Sub-annual climate variability during the last deglaciation: New views from coralline biogeochemistry

Lead Research Organisation: Open University
Department Name: Environment, Earth & Ecosystems


If we travelled back in time some 18 000 years, we would hardly recognise our planet. Many parts of the Northern Hemisphere that are densely populated today were frozen wastes: glaciers covered the cities of New York and Berlin, and the ground where London and Paris would become established was permanently frozen. Not long after however, this ice began to melt. The oceans were flooded with fresh water, causing sea level to rise and changing the pattern of ocean circulation. The question that we want to answer in this proposal, is what effect did this change in the pattern of circulation have on Earth's climate? The problem is that direct measurements of our climate (for example, temperature) extend back no further than the past few hundred years, so such information must instead be reconstructed from so-called proxies, or 'substitutes'. Corals are particularly useful proxies, because they can be accurately dated and their chemical composition reflects a number of important environmental parameters, such as the temperature of the water in which they grew. Here, we propose to obtain records of the variation in the chemical composition of coral skeletons from Tahiti that are between 20 000 and 10 000 years old. What is unique, is that we will use new laser technology that enables us to obtain records at extremely high resolution (a few days to a few months). This means that we will be able to capture the short-term events that can influence the transition from glacial to warmer conditions on Earth.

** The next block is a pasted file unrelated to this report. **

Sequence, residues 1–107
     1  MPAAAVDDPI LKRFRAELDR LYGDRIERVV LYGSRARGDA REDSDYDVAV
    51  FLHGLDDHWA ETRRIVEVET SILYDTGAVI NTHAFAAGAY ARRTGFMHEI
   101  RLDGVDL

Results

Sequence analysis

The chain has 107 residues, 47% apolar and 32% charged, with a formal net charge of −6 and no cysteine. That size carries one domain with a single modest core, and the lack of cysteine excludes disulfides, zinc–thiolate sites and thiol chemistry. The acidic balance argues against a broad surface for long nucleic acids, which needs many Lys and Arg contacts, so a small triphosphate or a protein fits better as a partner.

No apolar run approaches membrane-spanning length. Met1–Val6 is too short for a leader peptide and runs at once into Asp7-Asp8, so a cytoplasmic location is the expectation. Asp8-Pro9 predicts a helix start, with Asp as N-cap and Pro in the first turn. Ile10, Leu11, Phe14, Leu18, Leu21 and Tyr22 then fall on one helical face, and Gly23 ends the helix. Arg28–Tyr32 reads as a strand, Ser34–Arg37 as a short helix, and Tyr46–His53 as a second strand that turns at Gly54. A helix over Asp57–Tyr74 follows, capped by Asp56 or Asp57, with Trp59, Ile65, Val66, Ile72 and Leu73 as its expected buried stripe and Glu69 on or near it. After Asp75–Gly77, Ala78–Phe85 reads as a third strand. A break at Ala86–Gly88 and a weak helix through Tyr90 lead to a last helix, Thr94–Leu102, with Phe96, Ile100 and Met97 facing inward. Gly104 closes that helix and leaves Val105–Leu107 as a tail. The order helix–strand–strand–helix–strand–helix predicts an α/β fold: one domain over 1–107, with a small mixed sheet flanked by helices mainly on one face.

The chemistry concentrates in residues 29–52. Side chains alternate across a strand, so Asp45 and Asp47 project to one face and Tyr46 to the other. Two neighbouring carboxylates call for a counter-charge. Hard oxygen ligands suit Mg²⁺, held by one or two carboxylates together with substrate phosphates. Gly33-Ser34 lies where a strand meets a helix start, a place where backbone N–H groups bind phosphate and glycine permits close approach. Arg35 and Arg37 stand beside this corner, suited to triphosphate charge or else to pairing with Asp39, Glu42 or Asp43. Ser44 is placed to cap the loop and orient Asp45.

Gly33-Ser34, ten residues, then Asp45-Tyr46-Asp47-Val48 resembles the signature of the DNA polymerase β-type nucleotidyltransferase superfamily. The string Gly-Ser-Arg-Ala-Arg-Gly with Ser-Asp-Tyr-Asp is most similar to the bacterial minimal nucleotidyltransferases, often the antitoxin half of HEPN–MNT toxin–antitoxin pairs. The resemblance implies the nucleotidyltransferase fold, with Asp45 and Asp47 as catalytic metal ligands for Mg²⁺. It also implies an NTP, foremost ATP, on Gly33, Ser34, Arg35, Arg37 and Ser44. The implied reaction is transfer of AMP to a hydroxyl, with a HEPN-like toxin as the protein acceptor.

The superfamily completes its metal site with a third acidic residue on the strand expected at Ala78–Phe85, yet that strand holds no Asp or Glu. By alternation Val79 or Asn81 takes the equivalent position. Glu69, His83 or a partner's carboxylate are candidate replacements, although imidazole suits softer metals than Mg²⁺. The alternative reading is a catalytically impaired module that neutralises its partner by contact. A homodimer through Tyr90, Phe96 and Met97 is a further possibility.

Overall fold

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Description We have developed a method to assess the preservation of ancient corals. Only pristine (well-preserved) corals can be used to assess past environmental conditions, so this is important.
Exploitation Route This work has been adopted for palaeoceanographic studies.
Sectors Environment